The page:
KABUL, Afghanistan (AP) — Afghanistan's new Taliban rulers set up a ministry for the “propagation of virtue and the prevention of vice" in the building that once housed the Women's Affairs Ministry, escorting out World Bank staffers on Saturday as part of the forced move.
It was the latest troubling sign that the Taliban are restricting women's rights as they settle into government, just a month since they overran the capital of Kabul. During their previous rule of Afghanistan in the 1990s, the Taliban had denied girls and women the right to education and barred them from public life.
Separately, three explosions targeted Taliban vehicles in the eastern provincial capital of Jalalabad on Saturday, killing three people and wounding 20, witnesses said. There was no immediate claim of responsibility, but Islamic State group's militants, headquartered in the area, are enemies of the Taliban.
The Taliban are facing major economic and security problems as they attempt to govern, and a growing challenge by IS militants would further stretch their resources.
In Kabul, a new sign was up outside the women's affairs ministry, announcing it was now the “Ministry for Preaching and Guidance and the Propagation of Virtue and the Prevention of Vice.”
Staff of the World Bank's $100 million Women's Economic Empowerment and Rural Development Program, which was run out of the Women's Affairs Ministry, were escorted off the grounds, said program member Sharif Akhtar, who was among those being removed.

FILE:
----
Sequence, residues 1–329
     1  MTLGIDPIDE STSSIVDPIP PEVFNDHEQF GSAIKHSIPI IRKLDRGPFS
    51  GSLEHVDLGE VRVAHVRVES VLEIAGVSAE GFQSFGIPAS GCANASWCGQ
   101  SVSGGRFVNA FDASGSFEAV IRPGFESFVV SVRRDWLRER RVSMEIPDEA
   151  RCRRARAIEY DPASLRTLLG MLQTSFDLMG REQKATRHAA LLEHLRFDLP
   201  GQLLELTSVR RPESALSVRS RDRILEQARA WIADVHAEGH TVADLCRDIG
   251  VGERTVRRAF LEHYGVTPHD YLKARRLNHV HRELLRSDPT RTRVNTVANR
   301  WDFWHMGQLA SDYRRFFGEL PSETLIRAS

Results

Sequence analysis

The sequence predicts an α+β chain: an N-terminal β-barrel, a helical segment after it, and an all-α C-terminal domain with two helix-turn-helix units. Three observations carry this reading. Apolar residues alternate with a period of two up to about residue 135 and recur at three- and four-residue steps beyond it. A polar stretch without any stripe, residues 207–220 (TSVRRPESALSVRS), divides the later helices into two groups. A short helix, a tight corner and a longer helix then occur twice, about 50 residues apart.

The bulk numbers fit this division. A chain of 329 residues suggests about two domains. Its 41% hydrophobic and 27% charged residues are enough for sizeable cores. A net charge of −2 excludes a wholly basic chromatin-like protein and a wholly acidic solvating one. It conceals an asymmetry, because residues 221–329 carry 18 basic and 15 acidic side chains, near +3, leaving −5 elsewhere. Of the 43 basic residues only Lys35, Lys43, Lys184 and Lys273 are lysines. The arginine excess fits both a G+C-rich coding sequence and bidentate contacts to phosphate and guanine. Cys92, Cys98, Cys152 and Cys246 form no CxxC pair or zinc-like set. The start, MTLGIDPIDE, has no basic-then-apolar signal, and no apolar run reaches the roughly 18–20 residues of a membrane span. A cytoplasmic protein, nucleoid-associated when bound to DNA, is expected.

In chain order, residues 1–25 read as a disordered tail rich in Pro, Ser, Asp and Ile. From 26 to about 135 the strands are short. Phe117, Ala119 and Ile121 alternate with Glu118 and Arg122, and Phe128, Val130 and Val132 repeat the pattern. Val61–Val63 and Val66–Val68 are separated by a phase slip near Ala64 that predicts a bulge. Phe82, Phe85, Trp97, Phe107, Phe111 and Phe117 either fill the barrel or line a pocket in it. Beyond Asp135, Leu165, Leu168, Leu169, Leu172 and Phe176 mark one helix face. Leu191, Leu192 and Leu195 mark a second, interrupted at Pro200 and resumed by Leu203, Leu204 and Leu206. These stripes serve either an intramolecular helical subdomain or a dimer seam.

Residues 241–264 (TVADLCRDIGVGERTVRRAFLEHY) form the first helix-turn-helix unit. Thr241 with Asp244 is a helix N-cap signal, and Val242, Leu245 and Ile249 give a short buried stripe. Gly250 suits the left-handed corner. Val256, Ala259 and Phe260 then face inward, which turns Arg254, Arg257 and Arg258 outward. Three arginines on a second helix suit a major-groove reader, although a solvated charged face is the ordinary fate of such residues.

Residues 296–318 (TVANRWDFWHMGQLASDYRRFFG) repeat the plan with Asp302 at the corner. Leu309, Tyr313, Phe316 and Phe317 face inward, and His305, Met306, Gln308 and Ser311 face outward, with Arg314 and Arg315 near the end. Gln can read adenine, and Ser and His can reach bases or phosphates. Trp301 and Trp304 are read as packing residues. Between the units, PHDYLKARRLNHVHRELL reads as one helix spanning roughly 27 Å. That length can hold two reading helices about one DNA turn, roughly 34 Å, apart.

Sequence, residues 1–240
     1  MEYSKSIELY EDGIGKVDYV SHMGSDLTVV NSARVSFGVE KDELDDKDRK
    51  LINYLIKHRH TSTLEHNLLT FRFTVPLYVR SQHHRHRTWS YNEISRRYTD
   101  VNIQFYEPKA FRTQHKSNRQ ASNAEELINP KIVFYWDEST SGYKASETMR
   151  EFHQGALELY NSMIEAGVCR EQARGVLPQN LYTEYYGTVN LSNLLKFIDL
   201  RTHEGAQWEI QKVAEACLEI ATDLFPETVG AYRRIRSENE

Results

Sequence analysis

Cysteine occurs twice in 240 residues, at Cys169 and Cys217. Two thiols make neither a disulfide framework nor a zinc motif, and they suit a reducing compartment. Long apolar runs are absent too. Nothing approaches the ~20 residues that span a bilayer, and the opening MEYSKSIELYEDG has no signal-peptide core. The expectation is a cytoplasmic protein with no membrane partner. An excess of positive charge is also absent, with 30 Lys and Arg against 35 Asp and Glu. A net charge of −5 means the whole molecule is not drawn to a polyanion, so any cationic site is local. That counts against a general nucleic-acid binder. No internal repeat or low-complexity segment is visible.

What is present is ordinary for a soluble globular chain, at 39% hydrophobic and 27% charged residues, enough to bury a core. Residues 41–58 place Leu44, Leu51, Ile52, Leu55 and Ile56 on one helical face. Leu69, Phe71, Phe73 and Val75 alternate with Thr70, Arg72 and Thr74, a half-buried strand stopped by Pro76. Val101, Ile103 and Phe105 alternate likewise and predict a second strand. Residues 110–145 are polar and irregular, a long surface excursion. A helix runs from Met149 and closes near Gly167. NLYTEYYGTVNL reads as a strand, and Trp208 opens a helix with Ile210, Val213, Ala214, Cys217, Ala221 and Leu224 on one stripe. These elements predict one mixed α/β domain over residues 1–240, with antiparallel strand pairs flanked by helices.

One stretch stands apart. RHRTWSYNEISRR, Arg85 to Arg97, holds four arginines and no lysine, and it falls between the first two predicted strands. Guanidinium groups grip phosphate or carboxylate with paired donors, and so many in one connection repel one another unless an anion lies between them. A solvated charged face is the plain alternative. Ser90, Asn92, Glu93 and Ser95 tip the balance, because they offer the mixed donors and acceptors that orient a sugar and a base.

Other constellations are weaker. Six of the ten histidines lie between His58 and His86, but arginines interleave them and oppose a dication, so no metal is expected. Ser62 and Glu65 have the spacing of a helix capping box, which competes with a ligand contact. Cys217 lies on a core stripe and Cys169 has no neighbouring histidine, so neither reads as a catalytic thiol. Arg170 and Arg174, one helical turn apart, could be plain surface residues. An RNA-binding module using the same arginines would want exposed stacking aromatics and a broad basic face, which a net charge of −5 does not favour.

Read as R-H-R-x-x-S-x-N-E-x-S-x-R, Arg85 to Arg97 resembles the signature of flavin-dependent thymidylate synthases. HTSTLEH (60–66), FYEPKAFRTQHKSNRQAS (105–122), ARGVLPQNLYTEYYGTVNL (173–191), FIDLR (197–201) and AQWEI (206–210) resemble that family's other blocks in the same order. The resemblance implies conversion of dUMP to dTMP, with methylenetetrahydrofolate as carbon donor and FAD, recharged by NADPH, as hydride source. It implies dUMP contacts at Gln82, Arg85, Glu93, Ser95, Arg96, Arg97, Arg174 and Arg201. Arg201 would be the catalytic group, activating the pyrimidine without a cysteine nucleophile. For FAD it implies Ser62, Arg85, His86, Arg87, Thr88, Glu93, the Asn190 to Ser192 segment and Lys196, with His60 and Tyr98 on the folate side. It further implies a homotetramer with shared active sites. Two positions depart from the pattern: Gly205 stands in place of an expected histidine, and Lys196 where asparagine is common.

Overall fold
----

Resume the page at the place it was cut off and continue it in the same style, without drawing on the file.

Mabouba Suraj, who heads the Afghan Women's Network, said she was astounded by the flurry of orders released by the Taliban-run government restricting women and girls.
On Friday, the Taliban-run education ministry asked boys from grades six to 12 back to school, starting on Saturday, along with their male teachers. There was no mention of girls in those grades returning to school. Previously, the Taliban's minister of higher education minister, had said girls would be given equal access to education, albeit in gender-segregated settings.
"It is becoming really, really troublesome. ... Is this the stage where the girls are going to be forgotten?” Suraj said. “I know they don’t believe in giving explanations, but explanations are very important.”
Suraj speculated that the contradictory statements perhaps reflect divisions within the Taliban as they seek to consolidate their power, with the more pragmatic within the movement losing out to hard-liners among them, at lea